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12 Recipes for testing React applications using cypress-react-unit-test

bahmutov profile image Gleb Bahmutov Updated on ・10 min read

Note: this blog post takes the twelve testing examples from 12 Recipes for testing React applications using Testing Library blog post by João Forja, where the same examples are tested using testing-library. This blog post uses cypress-react-unit-test + Cypress combination to test exactly the same scenarios.

Note 2: you can find these tests in the repo bahmutov/12-testing-recipes

Table of Contents

  1. Invokes given callback
  2. Changes current route
  3. Higher Order Component
  4. Component cleans up on unmount
  5. Depends on Context Provider
  6. Uses functions that depend on time
  7. Custom hooks
  8. Portal
  9. Focus is on correct element
  10. Order of elements
  11. Selected option
  12. Dynamic page titles

Invokes given callback

  • We're testing that after some interaction the component calls a given callback.
  • We give a mock function to the component under test and interact with it so that it calls the callback. Then we assert we called the function with the expected parameters. If relevant, we also check the number of times the function was called.
/// <reference types="cypress" />
import React from 'react'
import { mount } from 'cypress-react-unit-test'

describe('Invoke callback', () => {
  function Button({ action }) {
    return <button onClick={() => action()}>Call</button>
  }

  it('callback is called on button click', () => {
    const callback = cy.stub()
    mount(<Button action={callback} />)

    cy.contains('button', /call/i)
      .click()
      .then(() => {
        expect(callback).to.have.been.calledOnce
        expect(callback).to.have.been.calledWithExactly()
      })
  })
})

The test runs and we can see the stub count of 1 in the Cypress' Command Log on the left.

Click invokes the stub we have passed to the component

The same test can be written differently avoiding .then by saving the reference to the stub using an alias.

it('callback is called on button click using an alias', () => {
  mount(<Button action={cy.stub().as('callback')} />)

  cy.contains('button', /call/i).click()
  cy.get('@callback')
    .should('have.been.calledOnce')
    .and('have.been.calledWithExactly')
})

Prop handler saved as an alias

Changes current route

  • We're testing that the component redirects the user to an expected router with the expected query parameters after an interaction.
  • We first create a routing environment similar to that in which we'll use the component. We set up that environment so we can capture the URL to which the component will redirect us. We interact with the component to cause the redirect. We then assert that we were redirected to the URL we expected.
/// <reference types="cypress" />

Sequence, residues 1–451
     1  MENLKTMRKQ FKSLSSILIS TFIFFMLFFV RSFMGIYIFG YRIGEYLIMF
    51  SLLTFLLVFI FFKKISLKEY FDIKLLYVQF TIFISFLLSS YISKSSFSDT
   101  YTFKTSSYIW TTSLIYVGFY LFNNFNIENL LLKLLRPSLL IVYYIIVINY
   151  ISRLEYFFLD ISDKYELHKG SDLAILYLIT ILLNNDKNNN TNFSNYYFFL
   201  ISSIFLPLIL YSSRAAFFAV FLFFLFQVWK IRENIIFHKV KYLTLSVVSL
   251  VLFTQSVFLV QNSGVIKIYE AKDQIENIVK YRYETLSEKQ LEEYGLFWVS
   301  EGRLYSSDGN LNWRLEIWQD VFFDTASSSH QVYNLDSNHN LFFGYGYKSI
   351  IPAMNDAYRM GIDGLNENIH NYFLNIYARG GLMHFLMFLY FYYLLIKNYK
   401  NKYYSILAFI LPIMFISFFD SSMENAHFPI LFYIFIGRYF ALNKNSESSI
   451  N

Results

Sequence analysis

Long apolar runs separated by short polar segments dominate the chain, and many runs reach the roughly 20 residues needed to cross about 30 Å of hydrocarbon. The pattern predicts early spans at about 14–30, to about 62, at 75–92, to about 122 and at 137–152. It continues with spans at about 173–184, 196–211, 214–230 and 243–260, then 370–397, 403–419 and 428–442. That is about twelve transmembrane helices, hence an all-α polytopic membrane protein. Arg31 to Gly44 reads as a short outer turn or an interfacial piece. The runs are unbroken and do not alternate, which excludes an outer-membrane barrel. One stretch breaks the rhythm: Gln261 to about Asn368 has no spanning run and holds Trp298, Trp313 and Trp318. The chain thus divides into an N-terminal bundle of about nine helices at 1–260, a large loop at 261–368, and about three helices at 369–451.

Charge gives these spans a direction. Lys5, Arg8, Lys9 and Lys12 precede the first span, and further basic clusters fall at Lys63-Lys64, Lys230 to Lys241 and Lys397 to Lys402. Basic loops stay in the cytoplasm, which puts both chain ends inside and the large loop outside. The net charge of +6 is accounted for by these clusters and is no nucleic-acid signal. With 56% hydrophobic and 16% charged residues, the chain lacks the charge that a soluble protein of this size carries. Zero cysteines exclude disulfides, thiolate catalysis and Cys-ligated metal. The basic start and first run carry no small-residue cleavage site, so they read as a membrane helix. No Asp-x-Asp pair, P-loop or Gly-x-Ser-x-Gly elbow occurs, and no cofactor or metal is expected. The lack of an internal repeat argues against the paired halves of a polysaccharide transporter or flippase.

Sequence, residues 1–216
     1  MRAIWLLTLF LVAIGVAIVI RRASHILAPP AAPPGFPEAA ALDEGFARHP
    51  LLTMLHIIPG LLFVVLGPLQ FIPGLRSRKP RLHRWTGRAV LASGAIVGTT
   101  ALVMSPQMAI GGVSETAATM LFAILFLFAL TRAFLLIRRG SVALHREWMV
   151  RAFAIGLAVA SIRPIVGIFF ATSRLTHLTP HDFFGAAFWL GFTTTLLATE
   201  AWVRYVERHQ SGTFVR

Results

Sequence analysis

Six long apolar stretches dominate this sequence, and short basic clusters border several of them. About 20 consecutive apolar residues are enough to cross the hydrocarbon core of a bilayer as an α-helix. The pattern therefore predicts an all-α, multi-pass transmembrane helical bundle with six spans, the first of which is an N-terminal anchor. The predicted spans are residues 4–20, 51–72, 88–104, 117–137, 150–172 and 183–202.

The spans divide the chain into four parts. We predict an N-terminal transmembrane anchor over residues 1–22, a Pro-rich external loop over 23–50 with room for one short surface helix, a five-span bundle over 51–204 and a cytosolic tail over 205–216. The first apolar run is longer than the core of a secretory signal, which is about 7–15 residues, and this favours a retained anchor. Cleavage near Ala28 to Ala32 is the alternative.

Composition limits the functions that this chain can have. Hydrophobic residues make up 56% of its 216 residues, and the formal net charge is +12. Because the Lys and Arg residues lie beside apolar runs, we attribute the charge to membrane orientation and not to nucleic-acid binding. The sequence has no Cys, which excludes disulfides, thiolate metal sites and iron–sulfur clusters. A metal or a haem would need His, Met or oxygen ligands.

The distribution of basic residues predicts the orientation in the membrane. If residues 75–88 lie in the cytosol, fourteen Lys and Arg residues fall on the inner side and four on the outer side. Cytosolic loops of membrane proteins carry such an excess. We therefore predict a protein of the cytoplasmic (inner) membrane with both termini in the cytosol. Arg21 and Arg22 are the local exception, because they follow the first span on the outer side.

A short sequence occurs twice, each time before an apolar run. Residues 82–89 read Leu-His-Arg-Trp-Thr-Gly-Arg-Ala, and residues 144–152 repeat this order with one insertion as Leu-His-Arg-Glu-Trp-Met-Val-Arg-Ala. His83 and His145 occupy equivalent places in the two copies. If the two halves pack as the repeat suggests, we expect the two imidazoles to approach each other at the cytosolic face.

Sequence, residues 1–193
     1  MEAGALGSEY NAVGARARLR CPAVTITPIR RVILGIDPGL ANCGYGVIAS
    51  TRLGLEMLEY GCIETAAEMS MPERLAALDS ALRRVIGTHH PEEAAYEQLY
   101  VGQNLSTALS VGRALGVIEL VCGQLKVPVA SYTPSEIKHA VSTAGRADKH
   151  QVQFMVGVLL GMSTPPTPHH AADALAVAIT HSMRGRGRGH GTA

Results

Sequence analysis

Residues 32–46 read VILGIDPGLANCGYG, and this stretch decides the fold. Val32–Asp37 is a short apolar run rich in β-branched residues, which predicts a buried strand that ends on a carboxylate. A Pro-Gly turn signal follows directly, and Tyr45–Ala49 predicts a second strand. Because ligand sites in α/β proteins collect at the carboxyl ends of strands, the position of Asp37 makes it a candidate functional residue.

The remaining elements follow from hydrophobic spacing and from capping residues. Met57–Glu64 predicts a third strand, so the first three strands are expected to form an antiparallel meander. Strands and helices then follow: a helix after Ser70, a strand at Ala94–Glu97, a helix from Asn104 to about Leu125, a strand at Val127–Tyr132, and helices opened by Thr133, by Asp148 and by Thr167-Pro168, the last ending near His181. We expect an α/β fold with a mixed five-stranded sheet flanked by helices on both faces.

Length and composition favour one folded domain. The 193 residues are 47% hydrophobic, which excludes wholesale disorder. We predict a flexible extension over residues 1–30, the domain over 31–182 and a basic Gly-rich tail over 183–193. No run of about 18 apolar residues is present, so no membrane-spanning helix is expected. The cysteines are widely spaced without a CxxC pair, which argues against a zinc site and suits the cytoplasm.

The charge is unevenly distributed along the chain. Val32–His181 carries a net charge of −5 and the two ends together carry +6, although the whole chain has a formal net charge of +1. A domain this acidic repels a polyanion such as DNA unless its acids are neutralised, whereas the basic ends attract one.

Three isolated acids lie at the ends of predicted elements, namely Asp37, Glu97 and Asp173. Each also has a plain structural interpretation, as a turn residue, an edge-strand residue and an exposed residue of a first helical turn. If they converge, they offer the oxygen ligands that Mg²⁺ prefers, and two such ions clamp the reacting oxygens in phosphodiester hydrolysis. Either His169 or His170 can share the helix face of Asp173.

import React, { useState } from 'react'
import { MemoryRouter, Route, useHistory } from 'react-router-dom'
import { mount } from 'cypress-react-unit-test'

describe('Changes current route', () => {
  it('On search redirects to new route', () => {
    let location
    mount(
      <MemoryRouter initialEntries={['/']}>
        <Route path="/">
          <SearchBar />
        </Route>
        <Route
          path="/*"
          render={({ location: loc }) => {
            location = loc
            return null
          }}
        />
      </MemoryRouter>,
    )

    cy.get('input#query').type('react')
    cy.get('input[type=submit]')
      .click()
      .then(() => {
        expect(location.pathname).to.equal('/search-results')
        const searchParams = new URLSearchParams(location.search)
        expect(searchParams.has('query')).to.be.true
        expect(searchParams.get('query')).to.equal('react')
      })
  })
})

function SearchBar() {
  const history = useHistory()
  const [query, setQuery] = useState('')

  return (
    <form
      onSubmit={function redirectToResultsPage(e) {
        debugger
        e.preventDefault()
        history.push(`/search-results?query=${query}`)
      }}
    >
      <label htmlFor="query">search</label>
      <input
        type="text"
        value={query}
        onChange={(e) => setQuery(e.currentTarget.value)}
        id="query"
      />
      <input type="submit" value="go" />
    </form>
  )
}

You can see where the test is typing and the button it is clicking

Routes test

Higher Order Component

  • We're testing that a HOC gives the props we expect to the wrapped component.
  • We first create a mock component for the HOC to wrap. The mock component will store the received props in a variable. After rendering the component returned by the HOC we assert that it gave the mock component the props we expected.
import React from 'react'
import { mount } from 'cypress-react-unit-test'

function withSum(WrappedComponent, numbersToSum) {
  const sum = numbersToSum.reduce((a, b) => a + b, 0)
  return () => <WrappedComponent sum={sum} />
}

describe('Higher Order Component', () => {
  it('Adds number and gives result as a prop', () => {
    let result
    function WrappedComponent({ sum }) {
      result = sum
      return null
    }
    const ComponentWithSum = withSum(WrappedComponent, [4, 6])
    mount(<ComponentWithSum />)

    // mount is an asynchronous command
    cy.then(() => {
      expect(result).to.equal(10)
    })
  })
})

Higher order component test

Seeing "Unknown" due to anonymous function in the mounting message weird, we can give it a label:

mount(<ComponentWithSum />, { alias: 'ComponentWithSum' })

Mounted component with an alias

Component cleans up on unmount

  • We want to assert that a component subscribes after mount and unsubscribes after unmount.